Because I forget stuff. Part of

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Originally posted August 1 2007 at 18:08 under General. 0 Comments. Trackbacks Disabled.

Some Follow Up, Some New Stuff

A collection of a few things which have caught my attention and I can’t really be bothered to from into fully coherent posts, given how long they’ve been lying around waiting to be posted as it is.

  1. Science Journalism
  2. And Science Education
  3. Some Good Science
  4. An iPlayer Petition

Science Journalism

Ars Technica’s Nobel Intent has another thought provoking article, this time on science journalism. While the article itself is really just a linkage to more content it does serve to raise an important problem in science communication: the standard of science journalism is often quite low. As I see it there are multiple reasons for this. One of them, as the article points out, is that science journalism is often done by people with very little science background. This is not their fault. To paint with broad brush strokes for a moment, those interest in the “arts” subjects (i.e. English, and onto journalism) are unlikely to be interested in the “science” subjects. Yet a career journalist might easily find themselves having to report on a story where a technical background is really needed to actually understand what they are trying to write about (a necessary step before even trying to distil it for the general reader). Any good journalist would of course seek someone out who has that background to get a better idea of what is going on. The problem then is that a) it’s not like getting a quote from a police officer in a murder enquiry; you’ve still got to think about it and b) they run straight into that splitting of subjects problem; scientist don’t tend to have great interests in English (again, very broadly speaking) and aren’t great communicators. The journalist (or possibly the press officer they’re attempting to communicate via) then, almost ironically, runs up against the language used. Not only does science have its very own language but it tends to use familiar words in very specific ways, in a way that normal English simply doesn’t do. Certain words take on a direct, singular meaning and, importantly, deny space for the other meanings they would normally carry. Scientists get used to this, to the short cuts it affords. It can be very confusing, especially when scientists forget that there language isn’t normal. That forgetfulness isn’t helped by the world in which they are immersed. While communication, of results, of ideas, is encouraged it is rare that this is to anyone who doesn’t have at least a scientific background (personally, I think the only times would be talking to school children visiting the lab, or trying to explain what I was doing to non-scientist friends after a few pints). Perhaps it is time for undergraduate (and postgrad) degrees to carry a communication module, which really should be taught mainly by the English department rather than the science department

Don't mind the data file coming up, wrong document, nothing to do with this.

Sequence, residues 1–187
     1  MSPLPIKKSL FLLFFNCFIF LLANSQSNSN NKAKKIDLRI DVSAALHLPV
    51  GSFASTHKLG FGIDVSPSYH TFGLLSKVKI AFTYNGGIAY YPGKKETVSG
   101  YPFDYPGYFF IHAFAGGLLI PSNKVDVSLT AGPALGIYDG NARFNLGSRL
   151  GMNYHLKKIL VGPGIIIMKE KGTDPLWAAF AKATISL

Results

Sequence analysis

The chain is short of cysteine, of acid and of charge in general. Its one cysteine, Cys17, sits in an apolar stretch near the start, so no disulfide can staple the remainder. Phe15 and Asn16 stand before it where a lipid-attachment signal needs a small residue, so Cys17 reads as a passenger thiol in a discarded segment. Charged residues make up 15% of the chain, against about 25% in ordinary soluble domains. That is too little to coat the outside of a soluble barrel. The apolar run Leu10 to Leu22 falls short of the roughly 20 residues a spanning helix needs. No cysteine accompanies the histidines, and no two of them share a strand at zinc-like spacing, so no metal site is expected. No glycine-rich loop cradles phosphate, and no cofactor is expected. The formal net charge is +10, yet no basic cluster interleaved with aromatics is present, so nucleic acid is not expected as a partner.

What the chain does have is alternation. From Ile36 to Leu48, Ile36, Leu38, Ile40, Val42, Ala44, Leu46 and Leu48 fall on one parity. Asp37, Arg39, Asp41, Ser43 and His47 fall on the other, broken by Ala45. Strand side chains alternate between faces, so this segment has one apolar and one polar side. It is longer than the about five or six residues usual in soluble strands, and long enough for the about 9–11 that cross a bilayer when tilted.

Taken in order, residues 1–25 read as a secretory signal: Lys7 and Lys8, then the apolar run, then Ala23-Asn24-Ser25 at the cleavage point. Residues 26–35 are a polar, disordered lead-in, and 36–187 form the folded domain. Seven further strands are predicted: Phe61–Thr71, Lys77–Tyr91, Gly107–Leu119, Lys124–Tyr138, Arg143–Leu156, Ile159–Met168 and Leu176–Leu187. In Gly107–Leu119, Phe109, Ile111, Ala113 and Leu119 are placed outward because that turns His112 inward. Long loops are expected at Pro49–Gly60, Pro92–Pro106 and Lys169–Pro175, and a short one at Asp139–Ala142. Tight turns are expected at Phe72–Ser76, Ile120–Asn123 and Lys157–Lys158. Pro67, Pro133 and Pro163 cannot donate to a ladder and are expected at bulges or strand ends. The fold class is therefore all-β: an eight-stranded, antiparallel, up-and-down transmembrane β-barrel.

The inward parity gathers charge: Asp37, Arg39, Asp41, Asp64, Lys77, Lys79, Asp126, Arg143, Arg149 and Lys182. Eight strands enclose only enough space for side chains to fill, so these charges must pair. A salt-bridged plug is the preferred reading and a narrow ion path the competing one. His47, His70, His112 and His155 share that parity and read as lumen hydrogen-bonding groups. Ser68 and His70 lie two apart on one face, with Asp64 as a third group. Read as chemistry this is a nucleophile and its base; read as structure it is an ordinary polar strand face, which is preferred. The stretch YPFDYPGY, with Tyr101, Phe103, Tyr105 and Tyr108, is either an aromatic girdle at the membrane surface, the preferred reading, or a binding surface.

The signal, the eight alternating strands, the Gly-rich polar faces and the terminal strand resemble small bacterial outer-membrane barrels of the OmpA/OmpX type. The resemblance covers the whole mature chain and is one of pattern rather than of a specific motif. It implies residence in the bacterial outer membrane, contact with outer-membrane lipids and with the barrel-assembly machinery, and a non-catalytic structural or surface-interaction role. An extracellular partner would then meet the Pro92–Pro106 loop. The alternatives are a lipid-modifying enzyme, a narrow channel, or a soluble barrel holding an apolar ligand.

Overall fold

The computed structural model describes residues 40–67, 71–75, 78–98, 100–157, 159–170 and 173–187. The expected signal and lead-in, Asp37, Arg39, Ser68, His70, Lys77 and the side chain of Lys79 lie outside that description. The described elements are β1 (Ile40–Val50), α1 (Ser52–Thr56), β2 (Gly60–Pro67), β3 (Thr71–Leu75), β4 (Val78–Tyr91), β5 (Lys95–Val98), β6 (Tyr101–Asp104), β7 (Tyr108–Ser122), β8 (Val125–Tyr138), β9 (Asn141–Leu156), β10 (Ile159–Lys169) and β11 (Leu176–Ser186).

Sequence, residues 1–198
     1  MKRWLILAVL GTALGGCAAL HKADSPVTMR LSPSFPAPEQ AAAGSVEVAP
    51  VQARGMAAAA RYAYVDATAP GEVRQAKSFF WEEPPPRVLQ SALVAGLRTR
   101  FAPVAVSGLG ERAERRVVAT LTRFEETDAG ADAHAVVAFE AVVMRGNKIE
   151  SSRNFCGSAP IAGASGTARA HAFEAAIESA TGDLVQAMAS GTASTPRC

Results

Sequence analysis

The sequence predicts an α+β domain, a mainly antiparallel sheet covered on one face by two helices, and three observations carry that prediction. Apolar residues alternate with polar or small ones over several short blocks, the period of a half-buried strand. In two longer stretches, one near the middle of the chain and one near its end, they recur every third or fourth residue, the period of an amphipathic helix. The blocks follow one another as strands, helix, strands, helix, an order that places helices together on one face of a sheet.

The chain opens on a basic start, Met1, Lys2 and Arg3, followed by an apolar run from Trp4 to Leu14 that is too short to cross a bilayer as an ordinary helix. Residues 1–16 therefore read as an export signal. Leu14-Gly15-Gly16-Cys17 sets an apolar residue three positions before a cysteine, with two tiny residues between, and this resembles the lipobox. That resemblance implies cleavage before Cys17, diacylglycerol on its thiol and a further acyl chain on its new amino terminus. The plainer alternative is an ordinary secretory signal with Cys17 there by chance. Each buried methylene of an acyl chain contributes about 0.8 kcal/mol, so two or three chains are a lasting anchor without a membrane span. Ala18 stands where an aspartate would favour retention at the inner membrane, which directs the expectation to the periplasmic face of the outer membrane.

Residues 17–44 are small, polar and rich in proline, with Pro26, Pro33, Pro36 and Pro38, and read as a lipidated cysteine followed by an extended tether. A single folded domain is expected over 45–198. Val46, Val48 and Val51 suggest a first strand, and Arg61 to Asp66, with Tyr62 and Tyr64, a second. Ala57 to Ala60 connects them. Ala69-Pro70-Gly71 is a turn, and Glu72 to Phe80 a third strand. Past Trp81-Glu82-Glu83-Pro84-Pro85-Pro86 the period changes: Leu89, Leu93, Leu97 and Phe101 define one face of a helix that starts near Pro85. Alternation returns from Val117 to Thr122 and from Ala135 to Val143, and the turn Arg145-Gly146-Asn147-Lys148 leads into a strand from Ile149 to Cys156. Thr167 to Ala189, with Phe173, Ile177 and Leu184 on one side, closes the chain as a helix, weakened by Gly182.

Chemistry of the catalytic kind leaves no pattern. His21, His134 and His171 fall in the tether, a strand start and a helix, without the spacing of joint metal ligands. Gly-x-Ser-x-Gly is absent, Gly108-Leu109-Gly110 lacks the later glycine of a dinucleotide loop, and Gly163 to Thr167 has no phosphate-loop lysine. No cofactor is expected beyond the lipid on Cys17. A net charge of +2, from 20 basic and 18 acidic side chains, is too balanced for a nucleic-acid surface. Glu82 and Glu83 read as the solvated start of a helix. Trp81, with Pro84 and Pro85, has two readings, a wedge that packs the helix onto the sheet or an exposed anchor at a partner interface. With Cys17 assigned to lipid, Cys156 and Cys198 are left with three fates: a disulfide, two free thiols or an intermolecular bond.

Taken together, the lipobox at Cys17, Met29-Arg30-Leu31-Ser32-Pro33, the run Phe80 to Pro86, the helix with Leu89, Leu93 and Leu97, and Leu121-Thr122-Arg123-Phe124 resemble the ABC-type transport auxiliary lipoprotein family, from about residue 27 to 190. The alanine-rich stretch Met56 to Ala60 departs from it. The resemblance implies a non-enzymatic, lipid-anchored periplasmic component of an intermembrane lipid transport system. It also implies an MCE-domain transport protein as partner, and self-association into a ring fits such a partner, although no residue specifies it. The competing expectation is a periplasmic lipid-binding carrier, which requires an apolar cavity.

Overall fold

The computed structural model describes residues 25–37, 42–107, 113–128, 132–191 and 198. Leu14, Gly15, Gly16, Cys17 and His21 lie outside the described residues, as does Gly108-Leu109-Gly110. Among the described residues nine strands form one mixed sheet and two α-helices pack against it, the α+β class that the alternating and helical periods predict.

And Science Education

Tying into the idea of science communication, that gets harder the less well scientifically educated your audience is. There is some concern at the moment over the state of science (particularly physics) education in the UK at the moment. This has led to at least one motivated and enthusiastic teacher writing an open letter bemoaning the state of the curriculum. While I’ve welcomed the chance for debate within science lessons this sort of open ended discussion and endless essay writing is no substitute for a proper science of facts gleaned from observation, and the mathematical tools required to use those facts. If you think that then you can sign the petition.

Just to show that science education doesn’t need to be all dry maths and boring stuff though, check out using a Wii remote to teach physics

Some Good Science

If you educate people properly then you get appreciation of good science of course. So rather than believing every tabloid scare story the public might take note of proper, double blind studies, showing “electrosensativity” to be in the mind (the fact their are real symptoms though, just not caused by the likes of phone masts, is interesting in itself)

An iPlayer Petition

Talking of petitions, there’s an iPlayer one (plus a couple of more or less counter petitions with almost no signatures) to try and hurry the BBC along with making their new toy into proper software package to serve the public like they’re supposed to (something I’ve mentioned). Given how closed of an “open beta” the iPlayer launch seems to have been though (they obviously shouldn’t have announced a launch because they’re not ready for mass testing), there’s still time to fix things properly. At least there may be some progress in that direction.

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This Crazy Fool

Dr Ian Scott
Croydon (and Gateshead), United Kingdom
Bullding Services Engineer (EngDesign), PhD in Physics (University of York), football fanatic (Newcastle United), open source enthusiast (mainly Mozilla)

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